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Vanguard Repeals Tax-Managed Funds' Redemption Fees

Plus, Fairholme's new fund bets big on MBIA, and more.

Ryan Leggio, 05/02/2011

Vanguard has removed the redemption fees on its domestic tax-managed funds. Effective immediately, Vanguard Tax-Managed Balanced VTMFX, Vanguard Tax-Managed Capital Appreciation VMCAX, Vanguard Tax-Managed Growth and Income VTGIX, and Vanguard Tax-Managed Small-Cap VTMSX will stop charging a 1% redemption fee on fund shares held less than five years.

The news comes as flows into tax-efficient ETFs following similar strategies, which can be bought and sold throughout the day and carry no redemption fees (but often require brokerage commissions), have steadily increased. Meanwhile, Vanguard's tax-managed funds have not been big draws recently even though they are very competitive with ETFs on price and tax efficiency.

All of the firms' tax-managed funds have had outflows in the trailing 12 months though March 31. Together, the firm's domestic tax-managed funds have more than $9 billion in assets.

One of the arguments in favor of the redemptions fees has been that they reduced shareholder moves in and out of the funds. Such activity can force managers to sell securities and realize capital gains. It's not clear what effect the redemption-fee cut will have on the funds' tax efficiency.

The firm said it's keeping in place the redemption fee on Vanguard Tax-Managed International VTMGX because, historically, international equity funds have experienced higher levels of short-term trading by investors trying to profit from differences between closing prices for stocks in different global markets in different time zones and when U.S.-based funds price their shares at 4 p.m. Eastern Standard Time.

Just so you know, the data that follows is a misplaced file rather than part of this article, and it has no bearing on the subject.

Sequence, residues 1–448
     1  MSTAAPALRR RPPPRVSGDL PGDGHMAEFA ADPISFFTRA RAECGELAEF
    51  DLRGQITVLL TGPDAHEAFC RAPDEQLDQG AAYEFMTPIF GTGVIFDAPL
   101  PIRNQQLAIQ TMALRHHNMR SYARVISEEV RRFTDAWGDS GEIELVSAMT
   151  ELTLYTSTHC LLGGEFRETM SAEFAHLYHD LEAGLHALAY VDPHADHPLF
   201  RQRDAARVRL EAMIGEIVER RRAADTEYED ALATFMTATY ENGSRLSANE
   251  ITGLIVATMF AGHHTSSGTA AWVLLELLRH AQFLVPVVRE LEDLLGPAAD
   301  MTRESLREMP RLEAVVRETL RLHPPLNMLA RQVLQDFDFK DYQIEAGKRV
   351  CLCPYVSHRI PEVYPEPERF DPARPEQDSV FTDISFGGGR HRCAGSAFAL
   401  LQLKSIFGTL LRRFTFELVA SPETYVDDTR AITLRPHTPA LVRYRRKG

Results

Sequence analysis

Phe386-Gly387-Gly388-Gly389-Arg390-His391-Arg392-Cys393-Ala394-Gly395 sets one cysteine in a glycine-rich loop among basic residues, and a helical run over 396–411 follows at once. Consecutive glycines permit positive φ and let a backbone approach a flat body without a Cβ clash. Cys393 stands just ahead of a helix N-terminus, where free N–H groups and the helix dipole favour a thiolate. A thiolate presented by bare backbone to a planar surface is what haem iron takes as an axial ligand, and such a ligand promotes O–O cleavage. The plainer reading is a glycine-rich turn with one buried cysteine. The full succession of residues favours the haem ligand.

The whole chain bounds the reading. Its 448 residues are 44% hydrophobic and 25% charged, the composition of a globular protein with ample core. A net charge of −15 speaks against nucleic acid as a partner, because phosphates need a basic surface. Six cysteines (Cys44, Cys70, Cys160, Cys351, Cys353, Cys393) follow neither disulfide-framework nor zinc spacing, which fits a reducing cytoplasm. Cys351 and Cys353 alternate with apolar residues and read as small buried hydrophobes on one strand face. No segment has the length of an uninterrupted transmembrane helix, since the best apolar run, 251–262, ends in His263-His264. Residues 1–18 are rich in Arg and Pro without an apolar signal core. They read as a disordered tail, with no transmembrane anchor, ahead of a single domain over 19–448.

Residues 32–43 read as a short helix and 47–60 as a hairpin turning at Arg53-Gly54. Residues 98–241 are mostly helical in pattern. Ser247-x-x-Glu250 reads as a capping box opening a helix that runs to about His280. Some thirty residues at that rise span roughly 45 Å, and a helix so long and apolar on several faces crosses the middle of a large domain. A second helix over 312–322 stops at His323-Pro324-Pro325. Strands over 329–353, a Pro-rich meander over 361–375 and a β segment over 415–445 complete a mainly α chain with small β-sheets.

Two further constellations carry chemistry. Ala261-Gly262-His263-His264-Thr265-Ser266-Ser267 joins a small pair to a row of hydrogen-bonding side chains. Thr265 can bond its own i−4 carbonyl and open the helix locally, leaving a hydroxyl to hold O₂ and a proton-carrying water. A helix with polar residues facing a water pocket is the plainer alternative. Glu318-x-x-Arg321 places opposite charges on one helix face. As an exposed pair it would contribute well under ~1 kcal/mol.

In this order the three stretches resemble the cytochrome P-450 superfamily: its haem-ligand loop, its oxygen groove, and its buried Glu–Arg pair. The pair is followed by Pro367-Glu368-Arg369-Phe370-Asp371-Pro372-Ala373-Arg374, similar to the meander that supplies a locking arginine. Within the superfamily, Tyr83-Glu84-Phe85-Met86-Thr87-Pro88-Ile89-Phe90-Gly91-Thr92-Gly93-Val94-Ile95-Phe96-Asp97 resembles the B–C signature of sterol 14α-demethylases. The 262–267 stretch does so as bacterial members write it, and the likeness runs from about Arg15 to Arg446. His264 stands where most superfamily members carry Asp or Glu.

Vanguard also said it will eliminate Investor share classes for its tax-managed funds and make low-cost Admiral shares available for them. On May 13, 2011, it will change the Investor shares of Tax-Managed Balanced, International, and Small Cap into Admiral shares. Those funds didn't have Admiral shares before. The family also will convert the Investor shares of Tax-Managed Capital Appreciation and Tax-Managed Growth and Income into their lower-cost Admiral shares. All of the Admiral shares will have $10,000 minimum initial investments, down from $100,000.

TCW's Suvall Retires
TCW announced that Susan Suvall is retiring at the end of June. Diane Jaffee will take the helm of Suvall's TCW Value Opportunities TGVOX.

Suvall has endured a stretch of poor performance that has tarnished her longer-term record. Value Opportunities is up 6.21% annually through April 28, 2011, over the past 10 years, while the Russell Midcap Value Index has appreciated 8.9%. The fund has beaten the index by less than 1 percentage point per year since Suvall became a manager on Nov. 3, 1997.

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